“I try to identify the students’ level of knowledge and begin to teach from the point at which they are confident,” says our physics teacher, Zdeněk Bochníček, the new recipient of a Ministry of Education Award

An interview with our physics lecturer, Zdeněk Bochníček, who received an Award from the Ministry of Education, Youth and Sports for his educational activities at the university on 27 November 2019.

2 Dec 2019 Zuzana Jayasundera

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Zdeněk Bochníček Photo: Daniel Hamerník

What first came to your mind when you learned that you were awarded the Minister of Education Award for educational activities at a university?

What first came to your mind when you learned that you were awarded the Minister of Education Award for educational activities at a university?

Two things were in my mind. The first, of course, was a feeling of great joy and honour. Even being nominated within the faculty made me happy, and I was really pleased when the nomination became an award. And the other emotion? I was thinking about the winner selection process. The first selection screen was held at the faculty, the second at the university and the final one at the Ministry itself. Some of the candidates had to survive the three ‘sieves’ and I was one of them. Undoubtedly, subtle nuances between the nominees played a role, and in the end I was among the five chosen. I do not think that I am among the top five lecturers at universities in the country; perhaps among the first one or two hundred in the Republic, and that is in itself a great honour. By coincidence, I was one of the five, but I am convinced that someone else from this building, faculty or university could equally have received such an award. Take it this way, I am not preparing a T-shirt with the inscription “Holder of an Award from the Ministry of Education”.

How did you develop your relationship to physics? Did your previous teachers play a role?

My teachers were good, but they were not the main motive. There was no single moment that triggered it. It can happen today when a child visits the VIDA science centre, with the experience starting a long-term relationship within the field. For me, it was a gradual process. At elementary school I used to enjoy chemistry for a while; I remember that me and my friends wanted our own chemical laboratory - a dangerous idea – but that faded. What I liked about physics and mathematics was the logical reasoning behind it, with one thing coming directly from another. In other subjects, I was discouraged by the fact that a lot of information was memorised, which I do not do particularly well. Instead, I like to think about things, and this led naturally to mathematics and physics. Physics prevailed because it related directly to the real world, while mathematics seemed too abstract. There is nature in physics - theories and experiments explaining phenomena that one has been experiencing since childhood but not thinking about. Suddenly, I could understand how it worked and why it was as it was. My father also played a big role here. He only had an engineering school qualification but he encouraged my interest in physics and technology. I still remember how he explained to me what a horse was in terms of power units. "It’s like lifting 75 kg up to one metre in one second", he told me. As a kid, I was crazy about cars and what horsepower they had was always my first question. Up to then, “horsepower” had been an unintelligible concept but after this explanation it suddenly became totally clear. I still use my father’s explanation to teach today. This, and a number of similar experiences, kept my interest in physics alive and my relationship with physics grew gradually from then on.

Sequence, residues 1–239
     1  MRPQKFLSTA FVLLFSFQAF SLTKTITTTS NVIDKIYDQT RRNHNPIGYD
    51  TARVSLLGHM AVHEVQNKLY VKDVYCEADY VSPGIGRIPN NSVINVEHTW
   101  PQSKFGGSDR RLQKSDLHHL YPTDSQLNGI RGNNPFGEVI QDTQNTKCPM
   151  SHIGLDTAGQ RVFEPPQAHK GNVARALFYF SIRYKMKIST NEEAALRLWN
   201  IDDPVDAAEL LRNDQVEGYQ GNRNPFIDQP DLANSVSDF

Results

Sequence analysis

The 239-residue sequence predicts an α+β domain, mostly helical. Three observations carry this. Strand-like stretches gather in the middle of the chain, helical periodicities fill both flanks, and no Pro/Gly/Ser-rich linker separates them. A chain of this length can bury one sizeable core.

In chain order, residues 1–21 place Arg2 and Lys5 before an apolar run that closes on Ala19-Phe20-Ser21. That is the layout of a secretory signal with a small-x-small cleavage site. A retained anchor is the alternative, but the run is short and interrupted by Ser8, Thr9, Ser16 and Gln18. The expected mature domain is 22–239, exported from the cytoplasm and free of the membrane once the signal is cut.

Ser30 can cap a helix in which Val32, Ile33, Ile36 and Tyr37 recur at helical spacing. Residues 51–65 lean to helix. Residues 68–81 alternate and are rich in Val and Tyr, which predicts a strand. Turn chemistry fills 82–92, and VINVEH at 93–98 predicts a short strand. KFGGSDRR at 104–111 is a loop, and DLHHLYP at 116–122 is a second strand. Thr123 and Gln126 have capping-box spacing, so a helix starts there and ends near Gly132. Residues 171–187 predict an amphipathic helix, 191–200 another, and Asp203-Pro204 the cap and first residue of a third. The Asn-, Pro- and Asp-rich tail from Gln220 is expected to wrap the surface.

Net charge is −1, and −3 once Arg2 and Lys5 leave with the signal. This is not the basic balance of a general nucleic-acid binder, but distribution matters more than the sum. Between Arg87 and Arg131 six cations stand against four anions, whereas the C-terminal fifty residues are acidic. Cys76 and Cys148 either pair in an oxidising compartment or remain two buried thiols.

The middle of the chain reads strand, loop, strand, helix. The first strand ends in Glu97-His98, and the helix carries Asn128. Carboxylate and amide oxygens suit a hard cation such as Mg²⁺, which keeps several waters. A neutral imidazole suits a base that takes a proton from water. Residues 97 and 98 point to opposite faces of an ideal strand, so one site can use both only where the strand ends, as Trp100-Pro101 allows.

Zdeněk Bochníček is involved in the organisation of popularisation activities related to physics, one of them being Physical café. Photo: Rastislav Bača

What do you like most about physics as a field? 

Physics is beautiful from two angles. On the one hand, it can faithfully describe natural processes with difficult theories and demanding mathematics, allowing us to create technical applications based on such descriptions. This is one aspect of the beauty and power of physics. The second reason, and one that appeals to me a lot, is that physics can make good estimates using simple models. For the subjects I teach here, such as ‘Physics in Living Nature’ and ‘Physics for Chemists’, this second aspect is of great interest. Physics is about connections and relationships. Before we can examine these there is always a set of facts and formulas to memorise; however, once these facts have been mastered, natural phenomena are so much easier to understand. 

Do you have a favourite physicist? Who and why? 

If I could mention just one it would be the Nobel Prize winner Richard Feynman. I was captivated by his physics textbook, one of a number I used to study physics. I was also greatly impressed with the popular science books he wrote, such as ‘Surely you’re joking’, a humorous and, in my opinion, healthy view of the world. 

How did you start teaching physics at the Faculty? 

I started work at the faculty after a five-year period of professional (non-teaching) work in physics, as what would today be called a ‘researcher in applied research’, cooperating with large industrial companies such as Tesla Roznov and ČKD Polovodiče. I undertook a number research projects during that time in what was then the Department of Solid State Physics. After the 1989 revolution, an assistant position at the Department of General Physics became vacant and I passed the selection procedure. Teaching physics attracted me, even though I wasn't thinking about teaching physics at all when choosing a college. Actually, I do not have any teaching qualifications, what teaching skills I do have were probably shaped by tutoring individual students. 

So what did tutoring teach you? 

It started purely as friendly help in elementary school. Later, in high school, I turned it into a commercial venture and, even after I had small children, I still tutored several hours a week. I learned a lot from this; for example, when you say something you see how the pupil reacts to it - you have direct interaction with each other - and when you find that it didn't work, you think “How else could I say it? What picture could I paint to help them understand?” If you teach a large class in a school you don't have this. While the teacher may think the subject has been perfectly explained, he or she has no idea what is happening in the minds of the students. I would encourage any young students at high school who enjoy tutoring to study teaching, they will find their lives fulfilled.